Leipzig Book Fair 2013
Leipzig Book Optimism

Leipzig Book Fair 2013; Photo: Leipziger Buchmesse 2013, Henning111 CC-BY

It was March again – and fair season in Leipzig. From 14 to 17 March 2013, there were numerous events at stands and reading stages on the fairgrounds and in the city. And much to discover.

Boring. Academic. An expression of arrogant high culture. These were the characteristics that authors like Maxim Biller associated with contemporary German literature in the 1990s. Biller prophesied nothing less than its demise. Not bought, not read, insignificant. In 2013 everything looks different. This year the Leipzig Book Fair radiates book optimism. Not only because of interesting material, national and international. Also about the book itself, for the book is still an important cultural asset and economic factor, as the President of the Association of German Booksellers, Gottfried Honnefelder, confidently affirmed at the fair opening in the Gewandhaus. And yet for all the optimism there is still concern: Amazon, the foe of the stationary bookshop and varied content. Not least in response to this danger, the campaign Watch Out! Book! was launched at the start of the reading fair, a campaign championing books and local booksellers. For books can change the world, said Honnefelder; they educate and inform. And this should be brought across to people.

The fair and its winners

An example of the informative office of the book is Michael Bogdal’s Europa erfindet die Zigeuner. Eine Geschichte von Faszination und Verachtung(i.e., Europe Invents the Gypsy. A history of fascination and contempt), which was awarded the Book Prize for European Understanding on the opening day. Feridun Zaimoglu delivered the laudation in his accustomed fiery, energetic, passionate and vivid manner. Bogdal gave visual expression of his appreciation of the encomium by blowing a kiss. Other authors also received awards in the course of the fair. For example, David Wagner, who was given the Prize of the Leipzig Book Fair in the category of fiction for his book Leben (i.e., Life). And Helmut Böttiger could also be pleased with the award in the category of non-fiction for his work on Group 47. Böttiger never succumbed, said Lothar Müller in his laudation, to the abundance of anecdotal material.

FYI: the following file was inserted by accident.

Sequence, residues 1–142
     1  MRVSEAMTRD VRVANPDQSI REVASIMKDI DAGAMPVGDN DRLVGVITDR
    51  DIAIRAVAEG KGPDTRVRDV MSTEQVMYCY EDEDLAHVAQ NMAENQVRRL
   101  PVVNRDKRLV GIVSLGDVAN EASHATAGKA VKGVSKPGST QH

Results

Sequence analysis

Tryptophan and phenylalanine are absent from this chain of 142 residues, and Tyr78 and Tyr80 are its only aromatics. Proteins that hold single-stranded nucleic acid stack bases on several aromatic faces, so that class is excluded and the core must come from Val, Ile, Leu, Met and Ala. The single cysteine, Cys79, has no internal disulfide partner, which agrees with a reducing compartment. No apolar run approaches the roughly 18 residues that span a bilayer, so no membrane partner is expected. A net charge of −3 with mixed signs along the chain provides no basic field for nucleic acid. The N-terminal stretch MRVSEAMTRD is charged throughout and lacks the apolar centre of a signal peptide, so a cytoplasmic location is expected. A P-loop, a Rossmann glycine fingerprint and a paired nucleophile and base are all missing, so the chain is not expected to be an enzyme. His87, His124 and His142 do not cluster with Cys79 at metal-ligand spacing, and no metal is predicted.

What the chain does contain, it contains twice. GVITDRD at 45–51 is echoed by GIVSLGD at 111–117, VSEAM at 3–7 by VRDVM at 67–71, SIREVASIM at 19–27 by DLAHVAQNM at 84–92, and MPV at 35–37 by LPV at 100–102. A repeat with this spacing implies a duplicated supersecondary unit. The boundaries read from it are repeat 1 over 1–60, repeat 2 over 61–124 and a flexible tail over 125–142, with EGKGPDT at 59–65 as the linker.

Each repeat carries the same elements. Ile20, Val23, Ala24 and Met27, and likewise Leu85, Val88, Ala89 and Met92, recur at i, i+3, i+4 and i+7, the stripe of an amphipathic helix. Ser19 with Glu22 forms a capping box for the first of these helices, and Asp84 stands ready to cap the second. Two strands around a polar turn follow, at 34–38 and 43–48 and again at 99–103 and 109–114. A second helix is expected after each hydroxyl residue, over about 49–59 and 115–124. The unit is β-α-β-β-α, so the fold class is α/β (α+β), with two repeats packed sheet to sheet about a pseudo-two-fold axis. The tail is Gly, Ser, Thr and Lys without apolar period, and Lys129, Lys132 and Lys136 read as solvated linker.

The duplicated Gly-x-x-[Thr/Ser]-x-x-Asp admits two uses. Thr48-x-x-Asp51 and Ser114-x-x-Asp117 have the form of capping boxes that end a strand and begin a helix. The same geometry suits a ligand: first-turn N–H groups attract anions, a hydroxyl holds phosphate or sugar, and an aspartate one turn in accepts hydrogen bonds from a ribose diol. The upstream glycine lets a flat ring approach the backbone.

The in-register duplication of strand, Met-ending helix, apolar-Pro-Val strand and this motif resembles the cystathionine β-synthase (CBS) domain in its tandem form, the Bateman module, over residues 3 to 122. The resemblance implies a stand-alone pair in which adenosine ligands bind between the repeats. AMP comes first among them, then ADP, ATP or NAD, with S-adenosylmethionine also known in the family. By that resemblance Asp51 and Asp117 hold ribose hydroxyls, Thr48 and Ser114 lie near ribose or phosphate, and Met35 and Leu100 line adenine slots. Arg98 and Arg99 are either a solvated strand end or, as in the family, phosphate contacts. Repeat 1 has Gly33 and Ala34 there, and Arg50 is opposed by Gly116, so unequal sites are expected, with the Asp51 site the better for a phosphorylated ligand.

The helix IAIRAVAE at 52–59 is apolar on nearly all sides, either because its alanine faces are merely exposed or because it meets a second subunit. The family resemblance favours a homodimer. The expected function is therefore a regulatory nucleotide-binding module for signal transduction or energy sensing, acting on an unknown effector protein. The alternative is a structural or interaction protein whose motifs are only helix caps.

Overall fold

Leipzig discoveries – boldly into the future

For the 168,000 visitors there was more to discover than only the prize winners. For instance, Metrolit Publishers, which mixed with the other new publishing houses at its own stand. What sort of publisher optimistically embarks on the book market in 2013 with eighteen new releases? Thorsten Schulte, who is responsible for Metrolit’s non-fiction programme, put it in this way: “For me, Metrolit is a magnifying glass that focuses trend and pop, relevance and entertainment”. Metrolit celebrates pop and extols niches. And this not only by means of published books, which are divided into the categories of fiction, graphic novel special books and non-fiction. The books and the traditional publisher’s preview are also accompanied by a magazine of fifty-two pages that puts across the publishing house’s philosophy in effective journalistic form.

In the series of programmes entitled tranzyt. Literature from Poland, the Ukraine and Belarus at international Hall 4, visitors could attend exciting discussion about feminism in Eastern Europe, avant-garde magazines and censorship, and theatre traditions in Poland its neighbouring countries – the range was broad. Next year Poland, the Ukraine and Belarus will again be the focus; the year after that the programme will have a new theme.

What are the threats?

At the end of the fair, there remained only one question. Everyone agreed about the danger posed by the monopolist Amazon. And so by the concomitant alarming advance of e-books in Amazon format. But why was no one talking about flat rate models? The start-up company skoobe now offers a book lending flat rate of ten euros per month for mobile devices running iOS and Android operating systems. Up to five books can be loaned simultaneously, they are always available, can be kept for as long as you like.

Doesn’t a great danger for the book market and the stationary book trade also lurk in these models – similar to music streaming services like Spotify, Rdio or Simfy? Perhaps this will be the theme of next year’s fair.